Little things in great Love…

Some days, my greatest accomplishment is keeping my mouth shut; not gonna happen today.  Texas…my beloved home state, the place of my birth and raisin,’ where my family roots run deep and wide, and where a piece of my heart forever remains, is in need. Lives have been lost, properties destroyed, homes in every neighborhood in every town have been without basics for nearly a week.  Infrastructure has failed and repair timelines remain unknown.  Basic things like drinking water and warmth are scarce.  As my Grandpa might say about now:“Good gracious sakes’ alive…it’s the largest Texas blue-norther on a team of wild Mustangs chasing a herd of fence-busting Longhorns hell-bent for the open range I’ve ever seen.”     

Texans are hardy folks, y’all; bold, daring, and built sturdy and strong in body and spirit to endure. Their Texas-sized sense of purpose, passion, great pride, and resilience runs fathoms deep.  Whether you hail from the north, south, east, or west of the Great State of Texas, you are a Texan, first and foremost. Texans live tried-and-true by the state motto decreeing us “The Friendly State;” we never meet a stranger. Right now, most Texans are likely plum wore-out.

While the images on national news stories this past week show the profound devastation, loss, and despair, some are finally beginning to focus on those stories of altruistic deeds. Take the iconic Texan, Mattress Mack, opening his doors in Houston once again to anyone seeking shelter and some warmth. Convention centers, sanctuaries, school gyms, and stadiums are shifting from vaccine sites to shelters so Texans have safe, warm places to land.  Texans are driving taco and other food trucks on inches of ice to deliver hot meals and drinking water in communities.  Neighbors are looking after neighbors, checking on each other, huddling up together, and finding creative ways to survive this freakish crisis. The acts of love and kindness grow on and on, but they might need some help and may be too humble or proud to out-right ask for it.

What can we do to help?  In my faith and daily living, I’m called to serve…to do little things with great love. GIVE friends; just give. Give time, money, energy, resources. Give to a TX Mutual Aid fund of your choice working on the ground at this moment. Place local contact information on your social media feed with numbers for those seeking help. Reach out to friends and family in some way to check in and let them know you love them. It’s not much in light of so much disruption, suffering, despair, and more, but it’s something little given in great love. It’s not much when others are cold, exhausted, and hungry, but it’s a place to start. Goodness and grace, happiness and hope, comfort and compassion…these are the warm fuzzies of everyday life. Little things, yes, but given in great big Texas-sized love.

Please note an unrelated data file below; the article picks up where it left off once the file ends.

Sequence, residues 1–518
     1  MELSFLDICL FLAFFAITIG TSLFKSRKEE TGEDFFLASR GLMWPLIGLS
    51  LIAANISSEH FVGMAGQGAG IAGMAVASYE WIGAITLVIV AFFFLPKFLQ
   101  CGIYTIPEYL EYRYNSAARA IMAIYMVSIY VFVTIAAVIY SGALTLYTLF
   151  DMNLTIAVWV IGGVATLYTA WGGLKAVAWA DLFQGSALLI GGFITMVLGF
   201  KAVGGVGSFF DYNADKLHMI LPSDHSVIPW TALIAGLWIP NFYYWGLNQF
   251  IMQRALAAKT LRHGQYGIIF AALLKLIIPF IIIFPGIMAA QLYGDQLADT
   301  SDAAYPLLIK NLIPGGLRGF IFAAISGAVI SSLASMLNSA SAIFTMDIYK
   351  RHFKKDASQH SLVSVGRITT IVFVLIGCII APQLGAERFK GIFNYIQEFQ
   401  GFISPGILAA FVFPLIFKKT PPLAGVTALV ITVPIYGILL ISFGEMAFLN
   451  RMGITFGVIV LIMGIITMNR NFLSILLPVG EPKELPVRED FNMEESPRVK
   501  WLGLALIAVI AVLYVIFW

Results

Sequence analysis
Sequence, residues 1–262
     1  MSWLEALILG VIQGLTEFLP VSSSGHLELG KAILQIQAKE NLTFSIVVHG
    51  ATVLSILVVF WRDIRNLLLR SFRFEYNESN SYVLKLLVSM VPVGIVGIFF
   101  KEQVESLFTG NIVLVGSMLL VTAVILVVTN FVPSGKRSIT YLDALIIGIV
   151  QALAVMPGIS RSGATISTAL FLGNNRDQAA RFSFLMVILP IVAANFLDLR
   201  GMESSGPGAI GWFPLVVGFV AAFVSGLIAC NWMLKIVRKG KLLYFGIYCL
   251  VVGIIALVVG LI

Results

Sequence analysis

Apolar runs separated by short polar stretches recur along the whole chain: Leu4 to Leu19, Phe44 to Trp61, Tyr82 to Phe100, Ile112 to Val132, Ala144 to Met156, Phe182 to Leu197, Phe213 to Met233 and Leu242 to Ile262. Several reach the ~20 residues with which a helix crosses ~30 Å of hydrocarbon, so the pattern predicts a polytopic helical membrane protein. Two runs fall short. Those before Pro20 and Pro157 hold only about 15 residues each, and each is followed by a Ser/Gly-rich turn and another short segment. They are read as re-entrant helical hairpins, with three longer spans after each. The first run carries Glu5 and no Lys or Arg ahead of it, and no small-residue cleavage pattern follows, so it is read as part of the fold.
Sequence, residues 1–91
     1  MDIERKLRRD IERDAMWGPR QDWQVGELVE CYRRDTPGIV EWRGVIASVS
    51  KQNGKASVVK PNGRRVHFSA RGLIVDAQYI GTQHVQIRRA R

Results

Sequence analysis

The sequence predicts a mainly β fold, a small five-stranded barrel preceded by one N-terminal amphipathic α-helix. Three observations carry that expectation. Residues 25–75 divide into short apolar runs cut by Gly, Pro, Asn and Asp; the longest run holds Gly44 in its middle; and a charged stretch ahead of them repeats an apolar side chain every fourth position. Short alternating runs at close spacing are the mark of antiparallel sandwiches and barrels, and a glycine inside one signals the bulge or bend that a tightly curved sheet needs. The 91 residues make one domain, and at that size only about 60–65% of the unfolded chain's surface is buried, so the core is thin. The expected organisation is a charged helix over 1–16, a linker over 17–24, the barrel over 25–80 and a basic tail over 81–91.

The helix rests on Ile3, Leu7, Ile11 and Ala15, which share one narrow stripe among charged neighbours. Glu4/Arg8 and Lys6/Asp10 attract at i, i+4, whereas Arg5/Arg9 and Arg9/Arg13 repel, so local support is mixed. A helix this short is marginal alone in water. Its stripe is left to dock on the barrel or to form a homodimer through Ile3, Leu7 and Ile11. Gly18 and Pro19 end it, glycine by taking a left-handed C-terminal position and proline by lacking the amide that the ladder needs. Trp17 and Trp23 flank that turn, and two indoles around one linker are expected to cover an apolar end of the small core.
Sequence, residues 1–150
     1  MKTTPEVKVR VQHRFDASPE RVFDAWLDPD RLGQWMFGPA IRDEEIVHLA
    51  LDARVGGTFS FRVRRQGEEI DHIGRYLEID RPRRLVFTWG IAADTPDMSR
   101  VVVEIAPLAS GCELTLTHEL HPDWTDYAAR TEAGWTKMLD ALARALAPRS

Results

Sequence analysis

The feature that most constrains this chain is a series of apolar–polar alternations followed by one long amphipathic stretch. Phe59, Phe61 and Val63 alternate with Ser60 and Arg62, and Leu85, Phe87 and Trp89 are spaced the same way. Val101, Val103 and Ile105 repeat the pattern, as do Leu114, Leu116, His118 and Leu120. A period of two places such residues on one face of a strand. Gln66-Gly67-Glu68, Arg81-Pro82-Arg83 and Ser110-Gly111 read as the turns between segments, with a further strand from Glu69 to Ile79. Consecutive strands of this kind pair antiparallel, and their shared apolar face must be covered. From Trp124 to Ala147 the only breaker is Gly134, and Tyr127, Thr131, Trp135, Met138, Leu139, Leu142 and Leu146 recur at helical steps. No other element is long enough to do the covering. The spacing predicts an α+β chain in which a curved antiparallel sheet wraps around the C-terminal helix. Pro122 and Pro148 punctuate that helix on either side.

And to my many Texas friends and family members still enduring this storm and processing the task of recovery, please remember no matter what any of us face in life, we can and will endure because we are not alone. Spring and bluebonnets are coming. All y’all keep on your warmest boots and gear, get back on that wild Mustang, and ride like the wind knowing you are not alone!  Be blessed and continue being a blessing to others, y’all. 🙂

How’s the view?

I hung up the phone from a difficult conversation and wanted to scream some not-so-nice words. A text with a picture suddenly appeared. It was my sister on top of a mountain trail (“Look at this view!”); and in an instant, my attitude shifted.

It’s no secret I enjoy hiking, especially with my sister. We have racked up many miles through our years on foot with some stunning scenery, unique experiences, and funny stories along the way.

As little girls, we hiked with our dad in the summers while on family vacation at the same working ranch in the Rockies of Colorado.  Before each trail hike, we always looked up in awe of the daunting task ahead wondering if our momentum, lungs, and little chicken legs would get us to the top (and, let’s be honest, excited to see what snack daddy would have for us at the top too). Of course, when we reached the top, taking in the view, eating our snack, and basking in our accomplishment, our perspectives grew in greater confidence. Daddy innately understood why we needed to climb a mountain every now and then; it was his quiet way of teaching us about life’s challenges and hardships. When we climbed mountains, we faced hurdles, obstacles, and problems to solve while on the trail using our attitude, effort, and strength.  We experienced first-hand how these same personal super-powers on each mountain hike are ever-present within us as we overcome challenges in everyday life.